MDA 2023: Expansion in WDR7 gene linked to increased ALS risk
Researchers discover expanded sequence in WDR7 in family with familial ALS
A potential new genetic risk factor for amyotrophic lateral sclerosis (ALS) has been discovered by researchers at the University of Washington.
The scientists say a mutation in which a region of the WDR7 gene is repeated more times than usual may increase the risk of ALS.
“We believe that this expansion acts as a genetic modifier to disease susceptibility, as in the repeat on its own doesn’t cause disease, but it functions in conjunction with other genetic risk factors,” Samuel Smukowski, a graduate student at the University of Washington, said in a talk at the Muscular Dystrophy Association’s MDA Clinical & Scientific Conference, held in Texas and virtually March 19 through 22.
Smukowski’s talk was titled “Functional consequences of a human-specific tandem repeat in WDR7 associated with ALS.”
More than 50 VNTR expansions have been linked to neurological diseases
The human genome contains instructions for making all of the proteins needed for the body to function. Within the genome, there are many areas called variable number tandem repeats, or VNTRs, where a particular sequence of nucleotides (the building blocks of DNA) gets repeated over and over.
A VNTR expansion is a type of mutation where a VNTR sequence has many more repeats than normal. More than 50 VNTR expansions have been linked to neurological diseases, and a mutation of this type in the gene C9ORF72 is the most common ALS-associated mutation.
Smukowski and his colleagues initially assessed data from a family affected by familial ALS. Using cutting-edge genetic sequencing technology, the team discovered a previously unreported 69-nucleotide-long VNTR sequence in the gene WDR7.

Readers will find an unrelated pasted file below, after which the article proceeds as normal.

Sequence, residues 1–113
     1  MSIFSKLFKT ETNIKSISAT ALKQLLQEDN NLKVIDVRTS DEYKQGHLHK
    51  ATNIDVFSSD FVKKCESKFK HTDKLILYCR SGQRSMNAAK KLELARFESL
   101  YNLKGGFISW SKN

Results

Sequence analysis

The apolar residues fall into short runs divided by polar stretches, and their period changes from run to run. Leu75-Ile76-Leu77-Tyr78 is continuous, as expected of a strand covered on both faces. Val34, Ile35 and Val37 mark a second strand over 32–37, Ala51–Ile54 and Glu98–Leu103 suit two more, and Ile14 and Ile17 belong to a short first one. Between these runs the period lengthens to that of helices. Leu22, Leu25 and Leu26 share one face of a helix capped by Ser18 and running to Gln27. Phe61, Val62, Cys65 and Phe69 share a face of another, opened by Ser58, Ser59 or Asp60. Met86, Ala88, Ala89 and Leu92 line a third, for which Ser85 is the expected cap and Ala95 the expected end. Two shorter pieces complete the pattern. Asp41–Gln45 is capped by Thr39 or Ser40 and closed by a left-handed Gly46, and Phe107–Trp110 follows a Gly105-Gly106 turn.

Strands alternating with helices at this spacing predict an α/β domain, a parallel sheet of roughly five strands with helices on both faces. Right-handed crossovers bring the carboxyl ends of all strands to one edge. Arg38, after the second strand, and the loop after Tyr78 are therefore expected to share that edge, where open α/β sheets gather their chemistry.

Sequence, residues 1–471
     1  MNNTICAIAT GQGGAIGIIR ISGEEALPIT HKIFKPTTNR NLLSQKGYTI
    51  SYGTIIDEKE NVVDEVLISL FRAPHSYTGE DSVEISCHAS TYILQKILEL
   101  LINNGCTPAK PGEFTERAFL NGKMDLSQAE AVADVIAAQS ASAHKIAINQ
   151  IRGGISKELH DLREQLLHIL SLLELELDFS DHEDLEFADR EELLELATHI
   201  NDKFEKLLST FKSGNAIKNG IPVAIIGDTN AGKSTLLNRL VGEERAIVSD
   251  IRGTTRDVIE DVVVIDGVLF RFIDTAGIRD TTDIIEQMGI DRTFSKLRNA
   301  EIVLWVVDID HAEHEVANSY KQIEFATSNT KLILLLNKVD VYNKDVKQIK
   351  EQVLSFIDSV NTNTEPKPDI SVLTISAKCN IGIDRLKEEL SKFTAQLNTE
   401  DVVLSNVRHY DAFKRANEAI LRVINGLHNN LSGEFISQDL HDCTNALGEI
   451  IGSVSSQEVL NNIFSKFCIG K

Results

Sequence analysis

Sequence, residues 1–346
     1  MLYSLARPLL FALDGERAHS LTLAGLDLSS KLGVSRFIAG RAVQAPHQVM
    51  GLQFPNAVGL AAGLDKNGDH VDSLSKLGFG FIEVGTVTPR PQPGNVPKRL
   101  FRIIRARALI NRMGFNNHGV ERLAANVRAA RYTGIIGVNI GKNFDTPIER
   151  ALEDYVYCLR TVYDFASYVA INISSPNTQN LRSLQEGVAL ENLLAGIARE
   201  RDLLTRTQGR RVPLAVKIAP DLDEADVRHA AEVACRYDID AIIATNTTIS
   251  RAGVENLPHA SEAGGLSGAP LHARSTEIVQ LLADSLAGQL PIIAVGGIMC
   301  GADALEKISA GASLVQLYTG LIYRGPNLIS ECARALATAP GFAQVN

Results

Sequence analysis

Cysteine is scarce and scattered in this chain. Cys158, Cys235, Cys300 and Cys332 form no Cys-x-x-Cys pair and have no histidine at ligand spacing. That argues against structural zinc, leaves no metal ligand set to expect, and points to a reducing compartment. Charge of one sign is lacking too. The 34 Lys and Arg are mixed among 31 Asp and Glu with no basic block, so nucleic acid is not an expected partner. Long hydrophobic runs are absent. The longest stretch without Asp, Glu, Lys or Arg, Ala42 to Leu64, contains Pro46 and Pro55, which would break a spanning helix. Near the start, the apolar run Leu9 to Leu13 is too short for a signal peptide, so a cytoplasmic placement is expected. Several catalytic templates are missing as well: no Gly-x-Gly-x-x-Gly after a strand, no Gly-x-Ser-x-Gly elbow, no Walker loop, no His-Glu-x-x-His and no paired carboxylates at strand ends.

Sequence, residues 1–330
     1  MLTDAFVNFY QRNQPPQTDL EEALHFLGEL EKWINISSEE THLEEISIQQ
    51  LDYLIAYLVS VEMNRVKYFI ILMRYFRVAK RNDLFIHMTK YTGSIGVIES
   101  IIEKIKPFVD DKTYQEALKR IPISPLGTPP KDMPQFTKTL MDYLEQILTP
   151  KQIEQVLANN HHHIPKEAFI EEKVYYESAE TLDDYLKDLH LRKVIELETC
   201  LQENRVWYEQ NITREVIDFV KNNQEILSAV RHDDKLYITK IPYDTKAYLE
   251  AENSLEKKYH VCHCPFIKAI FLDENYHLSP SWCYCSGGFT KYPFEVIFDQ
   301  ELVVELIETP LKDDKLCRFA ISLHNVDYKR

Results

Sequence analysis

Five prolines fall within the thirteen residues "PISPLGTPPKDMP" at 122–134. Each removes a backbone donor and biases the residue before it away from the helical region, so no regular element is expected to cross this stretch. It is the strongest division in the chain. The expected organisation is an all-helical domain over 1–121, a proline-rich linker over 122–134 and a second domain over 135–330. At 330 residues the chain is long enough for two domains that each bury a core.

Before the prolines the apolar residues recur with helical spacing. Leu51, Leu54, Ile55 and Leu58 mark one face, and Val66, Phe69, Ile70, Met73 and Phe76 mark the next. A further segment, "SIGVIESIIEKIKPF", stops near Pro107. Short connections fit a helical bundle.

A VNTR expansion in this gene, which provides instructions for making a protein that’s involved in the function of synapses (the connections between nerve cells), appeared to be associated with ALS in the family.
Analyses of data from more than 900 people in three groups of sporadic ALS patients — one from the Answer ALS program, one from Quebec, and a third from the Coriell Institute for Medical Research — showed that ALS patients more commonly had an expanded VNTR region in the WDR7 gene compared with people who did not have ALS.
“ALS patients disproportionately have longer repeat expansions,” Smukowski said.
We believe that this expansion acts as a genetic modifier to disease susceptibility, as in the repeat on its own doesn’t cause disease, but it functions in conjunction with other genetic risk factors.
When WDR7 and other protein-coding genes are “read” to produce a protein, the genetic code is copied over into a temporary molecule called messenger RNA (mRNA). Some ALS-associated mutations are known to cause mRNA and proteins to clump up inside cells, which is thought to be toxic and contribute to the nerve cell degeneration that drives ALS.
The researchers showed that mRNA from the WDR7 gene harboring an expansion in the VNTR region was found in clumps alongside the ALS-linked protein TDP-43.
The team also showed that the repeat region could be used by cells to produce microRNAs, which are regulatory RNA molecules that bind to the mRNAs of certain proteins to reduce their levels. The larger the expansion in the WDR7 VNTR region, the more microRNAs were produced, the research showed.
In theory, this could mean that the VNTR expansion could change the levels of specific proteins in cells, ultimately dysregulating cellular activity.
Smukowski noted that several of the genes known to be regulated by these microRNAs have important roles in neurological function, with mutations in one gene, called VPS53, having been shown to spontaneously lead to ALS in mice.
“Therefore it’s possible that a high copy number of this repeat expansion is interfering with these target genes’ normal expression,” he said.
“Our findings underscore the biological impact of tandem repeat expansions in modulating susceptibility to ALS,” the scientists wrote in their abstract.
They are continuing work to understand how this WDR7 mutation, and other VNTR expansions, may affect the development and progression of ALS.